resistant reprocessing method and to test the possibility of separating out minor actinides, the metallic chemical elements present in nuclear fuel. It aims to reuse 96 percent of the burned fuel and “reduce drastically the final waste,” Guidez tells Prism in an email. The final waste would lose its radio-toxicity after about 300 years, a vast improvement over current waste-disposal schemes.
Fast neutron reactors, such as ASTRID, offer what French researchers see as the quickest route to improved recycling.
A sodium-cooled, so-called Generation IV design, ASTRID has been a high-priority R&D project since 2009 and was developed with help from Japan and the Idaho and Argonne National Laboratories in the United States. Plans call for a decision around 2017 to proceed with a prototype. It could start operating in the early 2020s, with commercial operation a couple of decades later. During a transition phase, both the current MOX system and ASTRID can coexist, according to a presentation by Christophe Béhar, director of CEA’s nuclear energy division.
Researchers calculate that ASTRID will consume the plutonium in used MOX fuel and make efficient use of the half million tons of depleted uranium that France will have accumulated by 2050. “Unlike reactors currently in operation or under construction worldwide, that use only about 1 percent of natural uranium, fast neutron reactors are able to use more than 80 percent of the uranium resource,” CEA claimed in a presentation published by the International Atomic Energy Agency. Compared with present reactors, it offers “vastly more efficient use of uranium resources,” says the World Nuclear Association, plus “the ability to burn actinides which are otherwise the long-lived component of high-level nuclear wastes.”
Too big, slow, and expensive?
In the United States, reprocessing of spent nuclear fuel has drawn opposition over fears that some of the fuel could be diverted to terrorists or rogue states seeking to develop nuclear weapons. It also never caught on commercially. In recent years, attitudes have shifted, though not completely. Enthusiasm peaked during the George W. Bush administration, which in 2006 launched the Global Nuclear Energy Partnership. Eventual commercial reprocessing was a major component. The Obama administration halted domestic aspects of its participation in 2009 after deciding not to pursue fast reactors or recycling facilities. For the time being, discoveries of abundant natural gas reserves have eased pressure to revamp America’s civilian nuclear program.
Meanwhile, a Department of Energy-appointed blue-ribbon commission offered little encouragement for reprocessing as an answer to the nuclear waste disposal dilemma, which arose anew when the administration killed a deep geologic repository at Yucca Mountain in Nevada. The commission declared that “no currently available or reasonably foreseeable reactor and fuel cycle technology developments — including advances in reprocessing and recycling technologies — have the potential to fundamentally alter the waste management challenge this nation confronts over at least the next several decades, if not longer.” But with the Republican-controlled House of Representatives and the Obama administration at a standoff over where to locate a permanent disposal site, the question of what to do with nuclear waste remains unsettled. Behnam Taebi, a Delft University of Technology and Harvard Belfer Center scholar trained in both engineering and philosophy, argues that “the great accompanying uncertainty” surrounding deep underground disposal imposes a burden on generations far into the future that can’t easily be justified morally.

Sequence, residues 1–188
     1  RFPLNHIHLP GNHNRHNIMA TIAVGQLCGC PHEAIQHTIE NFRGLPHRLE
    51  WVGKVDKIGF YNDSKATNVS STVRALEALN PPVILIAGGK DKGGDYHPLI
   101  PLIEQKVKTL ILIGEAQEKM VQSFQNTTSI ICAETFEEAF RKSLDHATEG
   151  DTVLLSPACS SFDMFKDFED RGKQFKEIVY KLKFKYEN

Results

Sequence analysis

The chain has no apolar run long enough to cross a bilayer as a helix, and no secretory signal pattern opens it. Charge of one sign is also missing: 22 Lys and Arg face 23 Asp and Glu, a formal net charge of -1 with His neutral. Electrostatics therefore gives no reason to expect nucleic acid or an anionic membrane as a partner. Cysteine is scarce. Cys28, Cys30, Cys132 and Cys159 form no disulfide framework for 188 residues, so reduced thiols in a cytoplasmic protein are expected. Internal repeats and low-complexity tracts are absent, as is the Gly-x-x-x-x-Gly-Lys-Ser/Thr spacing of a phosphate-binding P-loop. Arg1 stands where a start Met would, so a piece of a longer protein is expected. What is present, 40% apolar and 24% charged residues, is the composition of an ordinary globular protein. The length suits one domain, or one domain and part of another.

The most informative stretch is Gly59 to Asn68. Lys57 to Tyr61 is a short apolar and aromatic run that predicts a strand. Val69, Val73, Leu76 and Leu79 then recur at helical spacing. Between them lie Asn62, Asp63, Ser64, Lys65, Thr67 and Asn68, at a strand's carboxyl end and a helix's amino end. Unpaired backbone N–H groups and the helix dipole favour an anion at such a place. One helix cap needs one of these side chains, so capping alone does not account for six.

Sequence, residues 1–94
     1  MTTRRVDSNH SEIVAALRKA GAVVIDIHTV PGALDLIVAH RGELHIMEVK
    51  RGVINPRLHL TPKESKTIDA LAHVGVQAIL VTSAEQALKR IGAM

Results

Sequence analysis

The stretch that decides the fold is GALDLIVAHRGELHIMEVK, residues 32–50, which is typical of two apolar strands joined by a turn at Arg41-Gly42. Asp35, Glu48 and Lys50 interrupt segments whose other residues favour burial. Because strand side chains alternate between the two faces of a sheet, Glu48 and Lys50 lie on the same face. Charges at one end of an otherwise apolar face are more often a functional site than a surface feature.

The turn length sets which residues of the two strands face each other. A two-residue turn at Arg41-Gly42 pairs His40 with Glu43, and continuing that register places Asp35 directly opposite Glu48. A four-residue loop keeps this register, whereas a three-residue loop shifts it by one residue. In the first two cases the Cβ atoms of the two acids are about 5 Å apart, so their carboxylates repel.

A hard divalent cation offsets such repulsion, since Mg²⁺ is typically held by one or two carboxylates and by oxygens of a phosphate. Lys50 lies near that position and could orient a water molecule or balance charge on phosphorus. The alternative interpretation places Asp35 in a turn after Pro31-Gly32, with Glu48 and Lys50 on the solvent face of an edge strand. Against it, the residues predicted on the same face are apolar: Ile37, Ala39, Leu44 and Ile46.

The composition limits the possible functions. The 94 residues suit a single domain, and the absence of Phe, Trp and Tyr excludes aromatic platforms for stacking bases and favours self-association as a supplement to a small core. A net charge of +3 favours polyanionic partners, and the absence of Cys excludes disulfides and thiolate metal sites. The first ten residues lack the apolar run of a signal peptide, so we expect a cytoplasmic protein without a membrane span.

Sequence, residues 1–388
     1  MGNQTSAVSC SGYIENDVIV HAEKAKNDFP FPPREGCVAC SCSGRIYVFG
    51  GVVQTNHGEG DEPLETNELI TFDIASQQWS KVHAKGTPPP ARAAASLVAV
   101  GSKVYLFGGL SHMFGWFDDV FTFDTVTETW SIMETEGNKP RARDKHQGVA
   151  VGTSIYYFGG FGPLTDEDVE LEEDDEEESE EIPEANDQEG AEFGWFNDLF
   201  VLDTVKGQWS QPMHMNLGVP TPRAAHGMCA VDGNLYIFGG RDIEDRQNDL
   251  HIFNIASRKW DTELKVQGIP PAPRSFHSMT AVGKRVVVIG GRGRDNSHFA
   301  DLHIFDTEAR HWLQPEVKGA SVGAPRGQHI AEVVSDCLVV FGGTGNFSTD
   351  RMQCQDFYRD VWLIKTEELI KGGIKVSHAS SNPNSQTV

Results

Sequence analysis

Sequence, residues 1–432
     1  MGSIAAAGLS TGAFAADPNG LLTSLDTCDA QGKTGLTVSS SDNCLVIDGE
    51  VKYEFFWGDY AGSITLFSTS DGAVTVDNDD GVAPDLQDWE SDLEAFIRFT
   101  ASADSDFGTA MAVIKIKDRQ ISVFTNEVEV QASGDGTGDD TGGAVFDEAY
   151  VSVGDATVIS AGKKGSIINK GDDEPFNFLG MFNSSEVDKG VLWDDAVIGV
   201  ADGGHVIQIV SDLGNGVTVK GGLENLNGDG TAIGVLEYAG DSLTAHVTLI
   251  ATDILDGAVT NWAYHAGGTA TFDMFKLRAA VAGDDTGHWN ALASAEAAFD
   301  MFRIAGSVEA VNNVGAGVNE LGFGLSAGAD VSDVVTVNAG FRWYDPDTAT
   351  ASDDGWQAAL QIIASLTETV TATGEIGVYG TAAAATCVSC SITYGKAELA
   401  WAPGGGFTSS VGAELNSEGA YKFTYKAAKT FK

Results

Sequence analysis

DOE’s research dollars continue to support a variety of approaches to improving the nuclear fuel cycle. And the newly completed study, led by the Idaho National Laboratory, is likely to be an impetus to further R&D on fast neutron reactors and continuous recycling. That’s good news for researchers like Michael Simpson, a national laboratories veteran who is now an associate professor of metallurgical engineering at the University of Utah. His specialty is pyroprocessing, which he describes as “a multistep chemical process that can be used to separate actinides from the other constituents of nuclear fuel, concentrate fission products into waste forms, and recycle the actinides into useful nuclear fuel rods.”
Although the INL study didn’t recommend any particular technology, ASTRID serves as an example of a promising approach to the fuel cycle, says Roald Wigeland, who headed the 11-person INL team. The study estimates that billions of dollars in R&D will be needed for the U.S. nuclear industry to adopt a new fuel cycle, and full deployment would cost several hundred billion dollars more. But such an investment may be required anyway if nuclear power is to remain part of the U.S. energy mix. Wigeland notes that some current U.S. reactors are due to reach the end of their life in the next 15 years. Whether a new fuel cycle is adopted or not, the current fleet will likely need to be replaced between 2030 and 2050 unless extensions are obtained. And while uranium is now plentiful, supply is finite, and recycling is likely to become more attractive as it diminishes.
Whether the huge investment in a new fuel cycle would be worth it is an open question. “In 10 years the landscape for global energy will be dramatically changed,” says Mycle Schneider, an independent energy consultant whose clients have included the French government. “Compared with renewables and gas, nuclear energy is too big, too slow, and too expensive.” To which fans of ASTRID would retort: Au contraire.
By Stephen Glain and Mark Matthews
Stephen Glain is a freelance journalist based in Paris. Mark Matthews is editor of Prism.